While delegates at the COP27 climate conference discuss the shared problem of climate change, each country will face its own challenges and threats.
In February, the U.N. climate science agency released a major report on adapting to a warmer world – and detailed how that effort would differ from place to place. While some countries see glaciers melt or coastlines rise, others will contend mostly with raging wildfires and extreme heat, the report by the Intergovernmental Panel on Climate Change said.
That will call for different investments and solutions as communities seek to adapt. Here are just some of ways climate change will hit countries in each region:
Countries with territory in the Himalayan mountains or its foothills, including China, India, Nepal and Pakistan, could face sudden flooding events, the report said. As the ice melts, water can pool behind rocky ridges to form lakes. And when those rocks give way, water rushes down – putting downstream mountain communities at risk.
Further south, mosquitoes that can carry diseases including dengue fever and malaria are expected to spread to new parts of subtropical Asia, encouraged by warmer temperatures and heavy rains.
And hundreds of millions of people will be on the move. A World Bank report warned in September that climate impacts, including water scarcity and declining crop yields, could force some 216 million to migrate within their own countries by 2050.
Living on the world’s hottest continent, Africans are at an especially high risk of suffering from heat stress. If global warming goes more than 1.5 degrees Celsius (2.7 degrees Fahrenheit) above pre-industrial levels, at least 15 additional people per 100,000 would die every year from extreme heat, according to the IPCC.
Africa’s population will likely grow faster than any other during the 21st century, with many people living in coastal cities. By 2060, more than 200 million people in Africa are predicted to be vulnerable to sea level rise.
Nigeria’s coastal capital, Lagos, is on track to become the world’s most populous city in 2100. The population growth across the continent could also increase resource scarcity.
CENTRAL AND SOUTH AMERICA
The Amazon rainforest and the thousands of diverse plants and animals it supports are highly vulnerable to drought and wildfires, made worse by farmers clearing trees for agriculture.
Droughts, storms and flooding will worsen in parts of the Andes, in northeast Brazil and in parts of Central America. Coupled with geopolitical and economic instability, these impacts could lead to waves of migration.
The mosquito-borne diseases zika, chikungunya, and dengue fever could make more people sick.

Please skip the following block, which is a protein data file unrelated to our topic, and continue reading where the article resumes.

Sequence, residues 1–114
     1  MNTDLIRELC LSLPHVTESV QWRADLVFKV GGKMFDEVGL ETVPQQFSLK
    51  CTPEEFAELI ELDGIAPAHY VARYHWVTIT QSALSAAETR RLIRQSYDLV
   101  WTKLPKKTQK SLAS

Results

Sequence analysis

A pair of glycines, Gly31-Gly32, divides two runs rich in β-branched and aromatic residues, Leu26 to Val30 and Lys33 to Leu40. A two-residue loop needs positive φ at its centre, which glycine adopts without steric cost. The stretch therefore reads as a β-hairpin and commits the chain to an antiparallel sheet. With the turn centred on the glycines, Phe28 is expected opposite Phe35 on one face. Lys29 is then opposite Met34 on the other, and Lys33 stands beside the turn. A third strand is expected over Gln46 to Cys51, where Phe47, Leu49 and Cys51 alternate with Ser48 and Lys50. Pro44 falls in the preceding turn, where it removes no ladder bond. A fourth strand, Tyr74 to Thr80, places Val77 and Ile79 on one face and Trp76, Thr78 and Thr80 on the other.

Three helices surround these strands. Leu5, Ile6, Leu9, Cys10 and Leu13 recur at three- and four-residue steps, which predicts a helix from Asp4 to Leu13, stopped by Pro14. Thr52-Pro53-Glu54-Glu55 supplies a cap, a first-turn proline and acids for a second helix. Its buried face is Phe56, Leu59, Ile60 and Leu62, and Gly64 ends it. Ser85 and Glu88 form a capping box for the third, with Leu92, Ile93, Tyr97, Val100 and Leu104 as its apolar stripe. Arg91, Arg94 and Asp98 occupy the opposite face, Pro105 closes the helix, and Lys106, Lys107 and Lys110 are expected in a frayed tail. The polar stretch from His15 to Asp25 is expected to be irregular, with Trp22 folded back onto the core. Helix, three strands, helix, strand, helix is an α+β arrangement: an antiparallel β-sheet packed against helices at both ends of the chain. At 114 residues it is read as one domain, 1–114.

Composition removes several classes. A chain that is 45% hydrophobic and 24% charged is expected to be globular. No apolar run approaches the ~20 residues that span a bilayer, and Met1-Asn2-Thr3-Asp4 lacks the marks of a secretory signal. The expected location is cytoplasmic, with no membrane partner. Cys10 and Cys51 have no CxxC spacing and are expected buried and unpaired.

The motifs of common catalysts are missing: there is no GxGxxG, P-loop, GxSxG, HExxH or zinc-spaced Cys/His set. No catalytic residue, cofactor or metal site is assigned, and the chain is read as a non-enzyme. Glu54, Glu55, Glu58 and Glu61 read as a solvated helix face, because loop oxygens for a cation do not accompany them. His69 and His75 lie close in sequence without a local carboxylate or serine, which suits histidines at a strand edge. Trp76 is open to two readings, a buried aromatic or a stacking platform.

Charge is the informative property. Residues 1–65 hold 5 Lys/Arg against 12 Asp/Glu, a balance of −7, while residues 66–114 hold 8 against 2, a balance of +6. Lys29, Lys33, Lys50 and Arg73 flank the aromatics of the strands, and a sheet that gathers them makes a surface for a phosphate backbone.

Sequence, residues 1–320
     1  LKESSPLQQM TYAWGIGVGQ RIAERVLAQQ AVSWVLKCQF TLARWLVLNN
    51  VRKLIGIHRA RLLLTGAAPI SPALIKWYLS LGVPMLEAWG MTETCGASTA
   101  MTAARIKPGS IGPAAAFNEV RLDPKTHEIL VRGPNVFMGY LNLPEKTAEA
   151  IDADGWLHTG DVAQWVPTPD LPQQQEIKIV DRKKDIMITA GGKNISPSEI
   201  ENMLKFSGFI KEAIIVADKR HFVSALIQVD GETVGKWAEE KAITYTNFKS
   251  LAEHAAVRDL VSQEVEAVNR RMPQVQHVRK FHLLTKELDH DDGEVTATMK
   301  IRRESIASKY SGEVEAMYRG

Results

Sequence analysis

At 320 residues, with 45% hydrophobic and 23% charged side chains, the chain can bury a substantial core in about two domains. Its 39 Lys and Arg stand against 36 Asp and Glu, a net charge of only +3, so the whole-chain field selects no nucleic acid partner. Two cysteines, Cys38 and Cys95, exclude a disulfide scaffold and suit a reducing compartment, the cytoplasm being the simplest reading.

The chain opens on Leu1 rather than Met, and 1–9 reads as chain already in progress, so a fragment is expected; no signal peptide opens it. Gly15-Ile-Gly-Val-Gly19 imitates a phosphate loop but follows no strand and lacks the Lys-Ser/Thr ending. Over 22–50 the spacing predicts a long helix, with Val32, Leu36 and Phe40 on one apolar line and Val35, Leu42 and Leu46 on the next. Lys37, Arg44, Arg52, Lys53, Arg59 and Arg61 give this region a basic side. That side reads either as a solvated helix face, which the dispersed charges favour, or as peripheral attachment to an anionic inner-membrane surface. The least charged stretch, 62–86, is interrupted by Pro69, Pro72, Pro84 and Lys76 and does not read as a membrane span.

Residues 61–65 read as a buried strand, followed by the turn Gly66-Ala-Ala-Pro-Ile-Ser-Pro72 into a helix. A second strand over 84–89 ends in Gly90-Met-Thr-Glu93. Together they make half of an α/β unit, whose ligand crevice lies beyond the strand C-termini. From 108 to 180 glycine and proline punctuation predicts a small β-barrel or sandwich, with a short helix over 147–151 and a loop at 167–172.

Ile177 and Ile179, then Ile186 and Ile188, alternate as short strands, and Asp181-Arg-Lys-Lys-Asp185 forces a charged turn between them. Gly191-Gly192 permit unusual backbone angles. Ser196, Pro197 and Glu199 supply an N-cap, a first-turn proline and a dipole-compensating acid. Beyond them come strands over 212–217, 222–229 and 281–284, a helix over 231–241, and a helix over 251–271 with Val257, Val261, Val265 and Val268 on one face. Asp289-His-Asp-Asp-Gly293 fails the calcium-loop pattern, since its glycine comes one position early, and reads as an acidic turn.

The 2019 summer heatwave offered just a glimpse of what’s to come for Europe if warming reaches 3 degrees Celsius. At such temperatures, cases of heat stress and heat-related death would double if not triple compared with 1.5C.
Beyond 3C, “there are limits to the adaptation potential of people and existing health systems,” the IPCC report says.
Damage from coastal flooding is projected to go far beyond sinking Venice, increasing at least 10-fold by the end of the century.
And despite Europe’s relative wealth, current adaptation measures are falling short. Scientists project continued heat deaths, crop failures, and water rationing during drought in Southern Europe in coming decades.
Large wildfires will continue to burn forests and darken skies in the western United States and Canada, causing destruction of nature and livelihoods while contributing to air and water pollution.
Even if global warming is kept to 1.5C, many parts of the United States will be at high risk from severe storms and hurricanes, in addition to flooding from higher sea levels and storm surges.
On Monday, the country’s Fifth National Climate Assessment warned that these events would threaten “the things Americans most value,” such as safe homes, healthy families, public services and a sustainable economy. The IPCC also said such climate impacts would disrupt global supply chains and international trade.
And in the Arctic, melting sea ice, warming temperatures, and thawing permafrost will push many species to the brink of extinction. In a new report Monday, scientists predicted summer sea ice would vanish entirely by 2030.
Australia’s Great Barrier Reef and kelp forests will hit a hard adaptation limit beyond 1.5C, undergoing irreversible changes due to marine heatwaves. Tourism revenue would fall sharply, the IPCC said.
Extreme fires would challenge southern and eastern Australia and parts of New Zealand.
And as Australia’s forests dry out, alpine ash, snowgum woodlands and northern jarrah forests would then largely collapse.
(Reporting by Gloria Dickie; editing by Katy Daigle and Frank Jack Daniel)